Some birds have several names (think Peewit, Green Plover, and Northern Lapwing, all Vanellus vanellus). The scientific binomial is usually the definitive name, but even that can change especially in the age of DNA analysis. Either way, there are common names, colloquial names, and others that can add to the rich tapestry of birding life. I asked the members of the UK Bird Identification group on Facebook for a few of their favourite examples, having myself offered Bonxie (the Great Skua), Yaffle (Green Woodpecker), and Spuggie (House Sparrow), as some of my favourites.
Mick pointed out that his word for a Spuggie is a Spudge and Maggie added that spuggies thrive in Yorkshire as well as Geordieland (from whence I hail and from where Sarah’s family also hail and she calls House Sparrows spuggies too and knows someone who refers to Long-tailed Tits as “flying teaspoons”). Wendy added that an older bird-watching friend calls Great Tits (Parus major) Tomtits. Interesting because tomtit is also Petroica macrocephala, an Australian Robin, endemic to New Zealand. Wendy also revealed that she used to refer to Ring-necked Parakeets as “Marmite Parakeets”, presumably because you either love them or hate them (or maybe it was just the colour, although if your Marmite has turned green, it’s time to get a new jar.
Darryl added that another Yorkshire dialect name is Fleck-lenny for the Chaffinch and his mother called Starlings “Sheps”. While people in The Orkneys call puffins “Tammie Norries”.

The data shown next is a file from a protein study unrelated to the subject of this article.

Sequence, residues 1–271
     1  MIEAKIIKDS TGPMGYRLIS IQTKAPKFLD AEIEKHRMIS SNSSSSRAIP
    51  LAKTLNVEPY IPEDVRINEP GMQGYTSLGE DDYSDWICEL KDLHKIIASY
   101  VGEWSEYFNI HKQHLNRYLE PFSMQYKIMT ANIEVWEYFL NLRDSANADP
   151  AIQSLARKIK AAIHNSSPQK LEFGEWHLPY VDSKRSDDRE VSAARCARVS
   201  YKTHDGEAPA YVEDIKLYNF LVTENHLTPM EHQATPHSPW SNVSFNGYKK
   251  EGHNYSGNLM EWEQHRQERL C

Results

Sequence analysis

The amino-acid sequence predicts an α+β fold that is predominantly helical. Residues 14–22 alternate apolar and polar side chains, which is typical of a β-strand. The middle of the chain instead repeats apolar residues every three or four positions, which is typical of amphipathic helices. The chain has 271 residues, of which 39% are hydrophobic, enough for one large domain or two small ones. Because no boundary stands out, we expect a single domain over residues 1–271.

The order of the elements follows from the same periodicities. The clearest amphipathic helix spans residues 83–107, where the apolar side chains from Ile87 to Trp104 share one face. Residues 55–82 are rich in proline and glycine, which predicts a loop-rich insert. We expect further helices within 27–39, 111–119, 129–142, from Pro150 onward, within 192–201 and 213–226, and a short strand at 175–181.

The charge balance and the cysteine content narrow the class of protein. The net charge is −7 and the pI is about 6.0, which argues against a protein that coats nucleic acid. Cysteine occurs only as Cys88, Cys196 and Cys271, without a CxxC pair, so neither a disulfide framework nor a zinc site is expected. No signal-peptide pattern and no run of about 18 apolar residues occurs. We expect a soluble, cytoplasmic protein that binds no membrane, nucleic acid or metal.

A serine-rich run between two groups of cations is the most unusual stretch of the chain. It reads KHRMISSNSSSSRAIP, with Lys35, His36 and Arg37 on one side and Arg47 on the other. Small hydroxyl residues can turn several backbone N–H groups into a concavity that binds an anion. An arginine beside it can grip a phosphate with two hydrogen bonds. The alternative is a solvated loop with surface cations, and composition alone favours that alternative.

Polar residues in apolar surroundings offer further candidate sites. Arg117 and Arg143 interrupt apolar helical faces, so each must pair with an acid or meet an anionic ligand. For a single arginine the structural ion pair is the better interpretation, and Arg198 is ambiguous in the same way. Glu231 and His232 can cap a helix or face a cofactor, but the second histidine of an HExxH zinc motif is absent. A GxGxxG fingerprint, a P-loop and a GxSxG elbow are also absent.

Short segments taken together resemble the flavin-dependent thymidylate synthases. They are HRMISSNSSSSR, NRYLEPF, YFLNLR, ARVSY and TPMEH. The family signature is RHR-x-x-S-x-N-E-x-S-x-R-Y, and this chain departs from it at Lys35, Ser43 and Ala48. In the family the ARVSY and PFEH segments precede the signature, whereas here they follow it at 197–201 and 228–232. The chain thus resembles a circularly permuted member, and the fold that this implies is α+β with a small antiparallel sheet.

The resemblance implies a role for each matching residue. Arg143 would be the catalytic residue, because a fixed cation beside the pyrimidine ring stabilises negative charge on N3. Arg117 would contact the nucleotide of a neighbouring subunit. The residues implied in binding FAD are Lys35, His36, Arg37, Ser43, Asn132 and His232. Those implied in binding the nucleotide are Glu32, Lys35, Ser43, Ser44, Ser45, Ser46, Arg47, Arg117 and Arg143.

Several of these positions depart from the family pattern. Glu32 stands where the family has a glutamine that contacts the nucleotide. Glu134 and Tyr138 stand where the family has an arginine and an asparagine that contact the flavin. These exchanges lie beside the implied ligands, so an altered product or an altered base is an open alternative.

Alex pointed out that Kestrels used to be known seemingly rather crudely as Windf*ckers, but, of course, in Old English that modern expletive perhaps meant “beater”. The same bird was also known as a Windhover.
Michael Murphy gave us Tystie, Butterbump, and Sprosser as all brilliant. A quick search on DuckDuckGo (obvs) confirmed those as: Black Guillemot, European Bittern, and Thrush Nightingale. Meanwhile, Lesley tells us that a Dabchick is a Little Grebe.
Stuart told the group that he had a parrot called Neil. I do wonder if that’s fakenews though…maybe not, I knew a black and white cat called Peter once. He adds that Toastie is another name for the Black Guillemot, apparently available in cheese and ham, similar to the aforementioned Tystie. Dave tells us a Stormcock is a Mistle Thrush and Chris says Throstle for Song Thrush. Bob also points out that in Leicester House Sparrows are also Spuggies and highlights Peewit for Lapwing too, although I had already mentioned that in the introduction to this post.
Other nicknames coming home to roost: Robin has Rosy Pastor (Rosy Starling) and Goatsucker (Nightjar), Ginny mentioned how Puffling – describes Puffin chicks perfectly. Les tells us that in Liverpool Woodpigeons are called Wood Micks but says he hasn’t a clue why; I think we might offer a good guess.
Oh and for anyone wondering, yes it was Professor Yaffle who was the bookend Green Woodpecker in Bagpuss!
This post is essentially an appendix to my tongue-in-beak birding glossary.